– Recruiting women who have demonstrated a commitment to learning and who share this value is critical.
– Awareness of grades, mature study habits, a chapter atmosphere of expectation, balancing social requirements so as not to detract from academic goals – these are our obligations to our sisters.
The collegians’ obligation to the sorority is to take their studies seriously, to appreciate the opportunity a college education affords them. It is up to us to model this.

The fourth point in our diamond is developing faith and loyalty – by enabling a sense of worthiness in our sisters, we model and encourage them. Loyalty is based upon trust – a safe environment, knowing the people around you value you and have your back. Loyalty is learned by observation of others.

Faith is:

A strong unshakeable belief;
An obligation or fidelity to a person, a promise;
Confidence or trust in a person or thing;
A belief that is not based on proof.

A woman can set a goal for herself, but faith is what will ultimately allow her to achieve that goal. The quality of faith possessed by you depends upon how positive your approach towards life is.

It is said that Faith is something that cannot be seen. It is belief in the unseen. The same can be said about Sisterhood. Each of us is a role model. We never know when or by whom we are being observed.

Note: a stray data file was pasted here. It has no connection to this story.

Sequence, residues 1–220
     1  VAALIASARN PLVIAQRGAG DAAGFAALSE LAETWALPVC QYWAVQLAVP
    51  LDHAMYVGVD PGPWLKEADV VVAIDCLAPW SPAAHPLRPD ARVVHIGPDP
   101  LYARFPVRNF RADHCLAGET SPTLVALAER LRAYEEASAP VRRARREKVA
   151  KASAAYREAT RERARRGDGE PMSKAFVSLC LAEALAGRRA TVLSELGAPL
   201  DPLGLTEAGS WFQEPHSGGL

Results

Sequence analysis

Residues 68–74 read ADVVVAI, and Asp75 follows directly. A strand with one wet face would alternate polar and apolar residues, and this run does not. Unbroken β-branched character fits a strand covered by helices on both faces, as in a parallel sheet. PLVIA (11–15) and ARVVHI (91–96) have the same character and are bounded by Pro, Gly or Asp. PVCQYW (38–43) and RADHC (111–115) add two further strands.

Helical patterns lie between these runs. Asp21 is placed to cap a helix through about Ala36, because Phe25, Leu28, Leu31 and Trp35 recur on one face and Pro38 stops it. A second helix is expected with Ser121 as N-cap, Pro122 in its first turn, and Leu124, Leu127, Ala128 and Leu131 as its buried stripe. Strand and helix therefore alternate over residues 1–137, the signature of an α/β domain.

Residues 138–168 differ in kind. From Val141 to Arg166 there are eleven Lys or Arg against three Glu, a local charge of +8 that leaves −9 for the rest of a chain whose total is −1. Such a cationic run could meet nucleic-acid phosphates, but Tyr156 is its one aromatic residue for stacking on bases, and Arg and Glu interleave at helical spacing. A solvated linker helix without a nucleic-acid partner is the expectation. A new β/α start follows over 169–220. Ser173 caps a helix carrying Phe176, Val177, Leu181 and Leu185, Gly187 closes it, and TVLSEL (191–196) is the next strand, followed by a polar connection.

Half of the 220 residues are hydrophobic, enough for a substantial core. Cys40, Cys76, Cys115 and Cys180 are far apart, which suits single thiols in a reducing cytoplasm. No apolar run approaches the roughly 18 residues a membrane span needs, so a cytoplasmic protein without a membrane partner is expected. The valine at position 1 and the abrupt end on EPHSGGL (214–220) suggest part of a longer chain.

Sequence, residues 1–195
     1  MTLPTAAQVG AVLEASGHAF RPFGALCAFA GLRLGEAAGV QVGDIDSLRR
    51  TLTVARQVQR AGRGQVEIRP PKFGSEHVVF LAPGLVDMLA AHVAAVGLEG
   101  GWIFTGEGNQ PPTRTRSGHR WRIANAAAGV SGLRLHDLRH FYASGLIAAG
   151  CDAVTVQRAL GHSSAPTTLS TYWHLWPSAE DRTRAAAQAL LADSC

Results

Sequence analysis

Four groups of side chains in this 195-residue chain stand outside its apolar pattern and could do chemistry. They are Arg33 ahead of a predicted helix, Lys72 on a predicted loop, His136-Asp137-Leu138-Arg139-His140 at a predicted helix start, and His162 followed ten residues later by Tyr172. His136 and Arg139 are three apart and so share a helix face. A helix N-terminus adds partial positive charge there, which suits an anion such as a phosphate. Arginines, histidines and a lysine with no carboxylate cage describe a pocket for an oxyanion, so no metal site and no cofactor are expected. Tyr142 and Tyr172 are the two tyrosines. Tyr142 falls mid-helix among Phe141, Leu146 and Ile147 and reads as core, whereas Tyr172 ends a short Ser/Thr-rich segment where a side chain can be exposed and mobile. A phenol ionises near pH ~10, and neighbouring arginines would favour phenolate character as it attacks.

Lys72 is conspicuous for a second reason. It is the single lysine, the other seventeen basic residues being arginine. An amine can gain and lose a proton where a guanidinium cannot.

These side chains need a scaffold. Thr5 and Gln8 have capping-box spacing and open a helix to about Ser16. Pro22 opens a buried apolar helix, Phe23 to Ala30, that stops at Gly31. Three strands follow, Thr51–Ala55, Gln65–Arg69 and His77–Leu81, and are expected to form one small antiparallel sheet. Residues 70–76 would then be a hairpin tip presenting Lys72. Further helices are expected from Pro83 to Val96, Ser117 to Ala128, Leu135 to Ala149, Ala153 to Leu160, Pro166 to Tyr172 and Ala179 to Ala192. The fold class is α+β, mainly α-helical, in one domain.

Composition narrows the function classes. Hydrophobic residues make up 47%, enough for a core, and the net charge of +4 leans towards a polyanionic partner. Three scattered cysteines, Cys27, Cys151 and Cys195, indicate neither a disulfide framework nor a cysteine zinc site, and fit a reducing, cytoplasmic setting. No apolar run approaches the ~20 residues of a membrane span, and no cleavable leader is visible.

A couple of years ago, I had an appointment with a new physician to whom I had been referred. She examined me, we talked and the appointment was over. As I was leaving the examining room, she came back down the hall saying, “Sally Thomas, Sally Thomas – are you an ADPi?”

How did she know!?? I had been her Alpha member advisor in the 1980’s. She told me she remembered the new members saying to each other how they wanted to be like me.

Wait, what??

Who has been observing you?

I also believe Sisterhood can be seen.

  • Sisterhood can be seen in two Alpha Eta sisters – one who donated her kidney to the other.
  • It was seen when Anna Kate Sumler voluntarily spent a long holiday weekend cleaning a house at Sewanee in which Leadership Consultants would live during the year while working with our colony there.
  • It can be seen by sisters stepping up to endow a grant or scholarship or by donating to the Clasped Hands Fund – helping sisters they will never meet.
  • It can be seen in the admiration in the eyes of a sister who meets a revered alumna.
  • It can be seen by the humility and grace demonstrated during elections.
  • It can be seen when sisters gather from all parts of the country to celebrate a marriage or the loss of a loved one.
  • It can be seen when an alumna purchases a badge for a collegian who lost hers.